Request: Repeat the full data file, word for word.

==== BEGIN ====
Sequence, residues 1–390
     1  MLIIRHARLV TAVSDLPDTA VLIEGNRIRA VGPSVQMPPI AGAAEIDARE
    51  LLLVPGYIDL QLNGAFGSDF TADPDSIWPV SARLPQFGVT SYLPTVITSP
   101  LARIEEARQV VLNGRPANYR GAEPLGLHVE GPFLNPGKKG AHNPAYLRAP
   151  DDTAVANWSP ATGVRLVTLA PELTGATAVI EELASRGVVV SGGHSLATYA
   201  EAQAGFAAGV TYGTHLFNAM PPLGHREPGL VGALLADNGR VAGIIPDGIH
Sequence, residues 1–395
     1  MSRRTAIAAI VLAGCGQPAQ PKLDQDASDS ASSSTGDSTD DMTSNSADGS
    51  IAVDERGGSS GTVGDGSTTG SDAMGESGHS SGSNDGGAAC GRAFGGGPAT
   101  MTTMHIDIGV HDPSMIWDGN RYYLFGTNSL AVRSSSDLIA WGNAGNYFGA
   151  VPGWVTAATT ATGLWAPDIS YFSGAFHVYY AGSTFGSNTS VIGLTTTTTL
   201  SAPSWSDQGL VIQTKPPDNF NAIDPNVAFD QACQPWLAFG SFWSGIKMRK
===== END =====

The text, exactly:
Sequence, residues 1–390
     1  MLIIRHARLV TAVSDLPDTA VLIEGNRIRA VGPSVQMPPI AGAAEIDARE
    51  LLLVPGYIDL QLNGAFGSDF TADPDSIWPV SARLPQFGVT SYLPTVITSP
   101  LARIEEARQV VLNGRPANYR GAEPLGLHVE GPFLNPGKKG AHNPAYLRAP
   151  DDTAVANWSP ATGVRLVTLA PELTGATAVI EELASRGVVV SGGHSLATYA
   201  EAQAGFAAGV TYGTHLFNAM PPLGHREPGL VGALLADNGR VAGIIPDGIH
Sequence, residues 1–395
     1  MSRRTAIAAI VLAGCGQPAQ PKLDQDASDS ASSSTGDSTD DMTSNSADGS
    51  IAVDERGGSS GTVGDGSTTG SDAMGESGHS SGSNDGGAAC GRAFGGGPAT
   101  MTTMHIDIGV HDPSMIWDGN RYYLFGTNSL AVRSSSDLIA WGNAGNYFGA
   151  VPGWVTAATT ATGLWAPDIS YFSGAFHVYY AGSTFGSNTS VIGLTTTTTL
   201  SAPSWSDQGL VIQTKPPDNF NAIDPNVAFD QACQPWLAFG SFWSGIKMRK